The AIUSA Archives is comprised of a variety of materials that document the work of the New York headquarters; the Washington, DC lobby office, regional offices, local and student chapters; as well as all programs, committees, and departments of AIUSA. Also documented is the work of country coordination specialists and members of steering committees and task forces. Correspondence, memoranda, organizational-bylaws, meeting minutes, newsletters, brochures and fliers, reports, photographs, audio/visual materials, oral histories, and memorabilia make up the bulk of the Archive.

How may I donate AIUSA material?

All individuals who wish to submit material are asked NOT to submit material without first contacting Carrie Hintz, Curator of Manuscripts and University Archivist at the Rare Book & Manuscript Library, Columbia University. You will be provided with the instructions and paperwork necessary to add your material to the AIUSA Archive. Material received without first contacting the Curator will be returned.

Click here for the Records Transfer Form

How To Access AIUSA Human Rights Materials:

At the present time the National Office Records are available for research. Material continues to be prepared for public access. Finding aids for all human rights collections may be accessed by keyword search in the Columbia University Libraries Archival Collections Portal. Unless clearly marked as restricted in the finding aid, material is available for public access. Permission to quote or publish materials from the AIUSA Archives must be requested in writing. Please email your request to Ellen V. Moore at evmmoore@gmail.com or call 303-258-9246.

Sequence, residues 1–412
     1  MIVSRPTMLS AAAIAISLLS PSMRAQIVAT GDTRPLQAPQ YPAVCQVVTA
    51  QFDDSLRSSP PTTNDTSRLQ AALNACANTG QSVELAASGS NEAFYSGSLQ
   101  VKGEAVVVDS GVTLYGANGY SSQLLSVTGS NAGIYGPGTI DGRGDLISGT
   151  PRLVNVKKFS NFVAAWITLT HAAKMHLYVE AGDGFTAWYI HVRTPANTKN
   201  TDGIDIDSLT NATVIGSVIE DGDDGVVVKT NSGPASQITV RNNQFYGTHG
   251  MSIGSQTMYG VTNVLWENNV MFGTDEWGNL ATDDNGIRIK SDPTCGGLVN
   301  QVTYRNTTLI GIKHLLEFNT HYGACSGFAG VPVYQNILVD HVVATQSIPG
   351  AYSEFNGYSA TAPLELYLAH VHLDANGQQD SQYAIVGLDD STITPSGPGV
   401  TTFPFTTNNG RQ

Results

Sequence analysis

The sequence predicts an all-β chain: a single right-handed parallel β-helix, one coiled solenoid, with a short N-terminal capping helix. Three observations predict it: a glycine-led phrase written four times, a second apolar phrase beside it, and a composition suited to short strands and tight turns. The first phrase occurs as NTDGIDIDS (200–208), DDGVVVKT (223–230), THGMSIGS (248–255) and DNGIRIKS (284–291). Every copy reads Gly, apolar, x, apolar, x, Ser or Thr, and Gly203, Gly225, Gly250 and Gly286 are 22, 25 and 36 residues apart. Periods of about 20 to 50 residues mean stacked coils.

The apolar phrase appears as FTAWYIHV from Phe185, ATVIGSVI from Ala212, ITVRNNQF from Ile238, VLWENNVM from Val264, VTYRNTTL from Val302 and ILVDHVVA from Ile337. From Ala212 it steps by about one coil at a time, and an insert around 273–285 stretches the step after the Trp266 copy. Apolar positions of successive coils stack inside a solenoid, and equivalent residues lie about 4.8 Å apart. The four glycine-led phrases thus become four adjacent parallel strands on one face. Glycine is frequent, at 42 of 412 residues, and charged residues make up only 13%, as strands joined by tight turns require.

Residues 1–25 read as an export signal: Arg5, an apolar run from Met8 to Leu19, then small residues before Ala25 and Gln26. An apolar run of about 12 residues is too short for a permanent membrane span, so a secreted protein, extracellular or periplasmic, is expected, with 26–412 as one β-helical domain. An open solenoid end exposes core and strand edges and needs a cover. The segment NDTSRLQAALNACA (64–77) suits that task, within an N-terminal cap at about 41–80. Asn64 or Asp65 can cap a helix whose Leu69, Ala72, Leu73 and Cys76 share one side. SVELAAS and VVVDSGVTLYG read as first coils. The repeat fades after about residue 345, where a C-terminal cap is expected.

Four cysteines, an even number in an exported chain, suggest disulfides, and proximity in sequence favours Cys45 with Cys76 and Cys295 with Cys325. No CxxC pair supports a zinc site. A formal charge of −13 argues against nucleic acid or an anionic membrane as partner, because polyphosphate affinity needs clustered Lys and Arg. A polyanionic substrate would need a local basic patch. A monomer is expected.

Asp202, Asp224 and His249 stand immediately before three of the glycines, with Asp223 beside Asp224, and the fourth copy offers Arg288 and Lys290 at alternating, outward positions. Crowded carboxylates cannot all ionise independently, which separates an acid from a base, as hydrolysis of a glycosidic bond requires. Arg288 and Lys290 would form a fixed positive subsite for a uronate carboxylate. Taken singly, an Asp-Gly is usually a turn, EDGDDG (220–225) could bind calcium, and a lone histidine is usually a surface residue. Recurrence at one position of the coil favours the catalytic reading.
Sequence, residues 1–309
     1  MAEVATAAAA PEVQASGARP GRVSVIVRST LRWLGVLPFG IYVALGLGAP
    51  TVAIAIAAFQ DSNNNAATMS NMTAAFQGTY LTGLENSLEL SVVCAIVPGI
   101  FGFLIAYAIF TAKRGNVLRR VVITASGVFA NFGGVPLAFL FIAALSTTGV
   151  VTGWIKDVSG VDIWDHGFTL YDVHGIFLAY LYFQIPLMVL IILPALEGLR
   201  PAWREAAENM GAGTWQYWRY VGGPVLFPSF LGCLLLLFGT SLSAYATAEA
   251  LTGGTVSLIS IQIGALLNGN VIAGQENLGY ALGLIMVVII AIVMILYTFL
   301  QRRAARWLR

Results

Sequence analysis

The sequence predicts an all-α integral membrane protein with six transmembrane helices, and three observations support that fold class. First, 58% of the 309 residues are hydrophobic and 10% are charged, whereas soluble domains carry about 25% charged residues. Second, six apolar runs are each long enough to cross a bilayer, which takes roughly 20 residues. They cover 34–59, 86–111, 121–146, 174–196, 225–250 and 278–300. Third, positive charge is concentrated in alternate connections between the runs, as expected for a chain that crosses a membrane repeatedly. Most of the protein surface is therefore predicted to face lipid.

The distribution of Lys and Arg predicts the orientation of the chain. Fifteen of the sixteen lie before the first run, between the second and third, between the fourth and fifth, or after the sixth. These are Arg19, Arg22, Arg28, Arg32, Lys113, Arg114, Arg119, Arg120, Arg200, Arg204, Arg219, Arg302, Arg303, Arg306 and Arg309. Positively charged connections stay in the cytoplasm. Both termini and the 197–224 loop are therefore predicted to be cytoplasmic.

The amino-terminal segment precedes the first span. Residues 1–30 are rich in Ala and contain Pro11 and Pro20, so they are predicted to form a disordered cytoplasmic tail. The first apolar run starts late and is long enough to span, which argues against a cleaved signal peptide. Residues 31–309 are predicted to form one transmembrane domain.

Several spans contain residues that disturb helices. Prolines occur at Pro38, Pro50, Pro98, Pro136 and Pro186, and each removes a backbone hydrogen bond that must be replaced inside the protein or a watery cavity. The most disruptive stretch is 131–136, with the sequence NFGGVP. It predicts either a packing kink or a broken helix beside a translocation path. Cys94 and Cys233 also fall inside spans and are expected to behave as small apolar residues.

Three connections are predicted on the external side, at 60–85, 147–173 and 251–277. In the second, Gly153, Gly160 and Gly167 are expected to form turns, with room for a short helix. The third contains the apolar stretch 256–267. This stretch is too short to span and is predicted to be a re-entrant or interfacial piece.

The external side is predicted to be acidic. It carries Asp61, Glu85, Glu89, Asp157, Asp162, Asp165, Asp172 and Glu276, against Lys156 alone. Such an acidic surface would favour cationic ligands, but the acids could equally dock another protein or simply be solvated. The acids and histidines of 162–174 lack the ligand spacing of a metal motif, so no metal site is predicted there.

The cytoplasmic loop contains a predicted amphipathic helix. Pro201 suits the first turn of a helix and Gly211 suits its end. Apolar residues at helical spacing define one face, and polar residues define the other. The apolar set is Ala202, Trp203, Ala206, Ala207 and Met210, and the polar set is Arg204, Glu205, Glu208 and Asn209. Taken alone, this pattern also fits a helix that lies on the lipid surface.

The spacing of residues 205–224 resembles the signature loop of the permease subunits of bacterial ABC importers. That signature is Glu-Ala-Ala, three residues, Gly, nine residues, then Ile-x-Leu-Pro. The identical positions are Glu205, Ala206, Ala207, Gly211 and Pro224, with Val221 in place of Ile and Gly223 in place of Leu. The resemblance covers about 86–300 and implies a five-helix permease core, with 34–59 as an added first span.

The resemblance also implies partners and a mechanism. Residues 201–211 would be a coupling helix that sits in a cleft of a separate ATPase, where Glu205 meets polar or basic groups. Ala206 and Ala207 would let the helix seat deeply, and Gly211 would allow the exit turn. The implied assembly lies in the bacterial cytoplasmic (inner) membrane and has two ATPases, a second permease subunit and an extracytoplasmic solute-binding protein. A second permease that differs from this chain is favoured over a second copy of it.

How To Deposit AIUSA Human Rights Materials:

Since the Human Rights Initiative is in transition, an AIUSA human rights activist should wait to send archival materials to the Center for Human Rights Documentation and Research until late 2006, when Columbia University has the remodelled space to accommodate more AIUSA materials. If it becomes impossible to hold materials until late 2006, please contact Ellen Moore at 303.258.7886 to make temporary deposit arrangements. The AIUSA Archives contains many written, audio, and video histories of activists. If you'd like your AIUSA experiences and opinions to be a part of the AIUSA Archives, please contact Ellen V. Moore at evmmoore@gmail.com.

What to Save for Deposit in the AIUSA Archives.

Individual activists, AI groups, and AIUSA board members, volunteer leaders, and staff should seek to retain materials that document their major operations, activities, and policy decisions. These might include, for example, meeting minutes, organizational by-laws, policy memorandums, documents detailing major decisions, investigative reports and publications, correspondence, development/donor materials, press clippings, promotional materials: brochures, fliers, and case materials, photographs and videotape, posters and t-shirts, documents regarding internal deliberations and debates, interactions and networking with other domestic and international organizations.

What is the Center for Human Rights Documentation and Research (CHRDR) at Columbia University's Butler Library?

By Spring of 2006, the CHRDR will feature Amnesty International USA, Human Rights Watch, Physicians for Human Rights, and Human Rights First as its cornerstone human rights collections, a professional archiving staff, twice yearly meetings of depositor representatives as part of a center-wide planning process, as well as unspecified human rights events, activities, fora, and institutes. The AIUSA Archives Advisory Committee will be fully involved in contributing to center planning and functioning as well as in collection and fund-raising efforts that support and enhance the AIUSA Archives.

Members of the AIUSA Archives Advisory Committee

Committee Chair: Bill Harris
 

Ellen V. Moore or 303-258-9246
Abraham J. Bonowitz or 561-371-5204
Ann Marie Clark
Mary Gray
Anna Uremovich
RLinde@ric.edu

Consultant: Wendy Wong

Board Liaison: Terry Kay Rockefeller

Staff Liaison: TBA

Curator of Manuscripts and University Archivist: Carrie Hintz
Processing Archivist: Carolyn K. Smith